Furthermore, creating things and having dignity could be based on mankind being made in the image of God. Creativity can be associated with God being the Creator. Human dignity can be thought of from the standpoint of Leibniz’s point that human beings have a share of the perfection that is sourced in God as the perfect being. God's being perfect is inclusive of other divine attributes, such as omnipotence (all-powerful), benevolentia (having a good will), omnipresence (being everywhere), and omniscience (knowing all). Being made in the image of God, we have a certain dignity in that we exist. Our being, or existance, has a share of ultimate being, which is perfection in God. In short, we have dignity because we exist as created by God in His image.

Trampling on the divine image in other people by paying them a humiliating wage to do mundane, repetitive work is like putting a light under a bushel even though one knows that the radiance from the light belongs out in the open rather than weighed down and hidden. “Not paying fairly, not giving a job because you are only looking at balance sheets, only looking at how to make a profit. That goes against God!” Francis said. He could easily have pointed to Jesus’s saying, “What you do to the least of mine, you do to me.” This is fundamental to Jesus’s message that God is to be loved by loving one’s neighbor—even one’s enemies. Leibniz puts this as caritas seu benevolentia universalis, or love, that is, universal benevolence, in the Codex.

In summary, sinning clothing manufacturers, including their owners and managers, deny God’s divine attributes by weighing down those created in God's image by paying them hardship wages. There is no neighbor-love in that, and thus no God. To get a fuller sense of how theology can serve as a basis for CSR, this theological rationale can be extended beyond the garment manufacturers themselves to those stakeholders who can be said to have played an indirect role in the tragedy.

The pope could have pointed to the fact that the building’s owner, Mohammed Rana, had ignored huge cracks and the consequent police evacuation order in assuring tenants that the building was safe. After the collapse, he was arrested for negligence, illegal construction (he had permission to build five stories), and forcing workers to join work.

Similarly, the pontiff could have pointed to the managers of the five factories, who, after having been informed of the evacuation order, ordered their workers to report to work. That a bank and some shops in the building did not open after the evacuation order suggests that the building’s owner and the factory managers must have known they were subjecting their employees to considerable risk of being killed.

In answer to Rana and the five factory managers who knew of the unsafe condition of the building, the pope could have given a homily on how the squalid cocktail of selfish greed, obstinate presumptuousness (i.e., “I can’t be wrong) and abuse of power can smother other people to death--pushing their lights under a bushel to be hidden forever. To knowingly put others at risk is to deny the inherent value in  not only the share of perfection that they have merely in existing, but also the font of perfection itself, which is God as perfect being.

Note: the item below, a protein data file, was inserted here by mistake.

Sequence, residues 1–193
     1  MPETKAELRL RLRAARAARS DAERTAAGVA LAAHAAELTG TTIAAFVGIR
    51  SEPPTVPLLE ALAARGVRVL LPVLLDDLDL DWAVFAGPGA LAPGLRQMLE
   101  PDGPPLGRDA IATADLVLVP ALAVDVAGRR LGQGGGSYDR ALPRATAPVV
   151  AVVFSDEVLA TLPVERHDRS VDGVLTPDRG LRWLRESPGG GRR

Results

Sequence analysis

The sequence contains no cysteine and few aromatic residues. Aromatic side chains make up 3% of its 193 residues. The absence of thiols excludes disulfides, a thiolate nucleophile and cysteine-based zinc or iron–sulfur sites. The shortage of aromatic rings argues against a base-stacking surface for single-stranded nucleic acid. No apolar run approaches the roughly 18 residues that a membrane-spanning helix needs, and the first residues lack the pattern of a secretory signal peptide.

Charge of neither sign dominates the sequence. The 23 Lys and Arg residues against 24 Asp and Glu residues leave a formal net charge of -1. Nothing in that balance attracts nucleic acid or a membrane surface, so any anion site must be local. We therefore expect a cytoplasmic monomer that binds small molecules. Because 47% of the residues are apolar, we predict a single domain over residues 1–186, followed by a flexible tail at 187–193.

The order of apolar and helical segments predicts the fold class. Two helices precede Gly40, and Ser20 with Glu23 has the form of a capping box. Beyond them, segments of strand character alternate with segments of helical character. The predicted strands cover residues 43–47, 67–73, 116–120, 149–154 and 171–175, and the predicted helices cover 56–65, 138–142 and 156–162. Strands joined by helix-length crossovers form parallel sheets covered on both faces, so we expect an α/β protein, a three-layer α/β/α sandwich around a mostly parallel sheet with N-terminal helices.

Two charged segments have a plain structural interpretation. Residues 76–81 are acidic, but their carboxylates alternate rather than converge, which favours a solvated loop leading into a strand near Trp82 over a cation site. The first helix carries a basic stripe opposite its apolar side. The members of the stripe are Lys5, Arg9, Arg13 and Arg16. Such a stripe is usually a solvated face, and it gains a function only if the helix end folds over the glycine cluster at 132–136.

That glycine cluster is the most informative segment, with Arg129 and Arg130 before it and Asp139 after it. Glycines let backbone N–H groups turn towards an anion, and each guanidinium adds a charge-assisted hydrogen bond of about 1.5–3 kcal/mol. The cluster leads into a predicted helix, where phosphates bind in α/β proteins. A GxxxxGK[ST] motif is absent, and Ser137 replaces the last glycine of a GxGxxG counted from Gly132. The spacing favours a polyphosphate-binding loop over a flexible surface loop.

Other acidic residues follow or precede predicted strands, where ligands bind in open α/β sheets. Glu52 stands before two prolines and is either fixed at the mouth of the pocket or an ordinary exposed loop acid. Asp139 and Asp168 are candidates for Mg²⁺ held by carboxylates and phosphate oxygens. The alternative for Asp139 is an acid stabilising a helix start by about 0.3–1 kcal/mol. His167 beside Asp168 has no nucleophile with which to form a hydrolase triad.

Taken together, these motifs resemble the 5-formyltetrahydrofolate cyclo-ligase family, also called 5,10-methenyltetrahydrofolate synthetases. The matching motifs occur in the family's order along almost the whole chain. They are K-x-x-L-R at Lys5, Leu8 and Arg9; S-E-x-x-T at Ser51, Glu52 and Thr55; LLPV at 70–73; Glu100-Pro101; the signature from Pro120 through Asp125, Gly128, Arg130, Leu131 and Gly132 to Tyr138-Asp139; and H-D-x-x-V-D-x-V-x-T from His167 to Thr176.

The theological denunciations against paying the factory workers paltry wages and  forcing them to work in unsafe conditions can be extended to include the indirect culprits, such as the apparel retailers that had contracted with the five manufacturers and even any retailer that contracts with a sweatshop. The question relevant to corporate theological responsibility is whether indirectly enabling low wages and unsafe working conditions rather than acting to curtail them is included in the sin against God mentioned by the pope.

Specifically, by paying such low prices for the factory output, do the retailers keep the factory workers hungry? Were there not the contracts, would the workers be doing creative work elsewhere? Finally, do the retailers enable the factory managers to keep treating the workers in ways that violate any sort of dignity in the worker? If so, then Jesus's command to love one's neighbor as oneself is being violated not only by the manufacturers, but also by the more distant, yet contributory retailers.

The executives of retail clothing companies like JC Penney and the Gap surely know that contracting with a sweatshop allows them the advantage of paying less for the factory output because of the below-poverty wages and lack of safety upkeep. Rather than worrying about possible unsafe factory conditions or whether the factory workers can support a family, those executives are calculating that the low price they get to pay more than makes up for the additional shipping costs. 

Approaching CSR alternatively by looking at social norms, the disjuncture between the executives' values and societal values concerning sustenance would be the focal point. CSR would be oriented to change the executives' values so they are in line with the societal values, perhaps by showing the executives that their respective companies can make more money that way, or at least have a better reputation.  

In approaching CSR by means of ethics, the question would be whether the executives' motives, actions, or consequences thereof violates an ethical principle. Are those executives violating the social contract wherein the rights a company enjoys come with certain obligations? Are those executives enabling people to be treated only as other peoples' means, or also as ends in themselves? Do the low wages and unsafe conditions go along with the greatest happiness for the greatest number of people? Especially if the answers to these three questions all point to unethical conduct, the retailers' policies ought to be changed.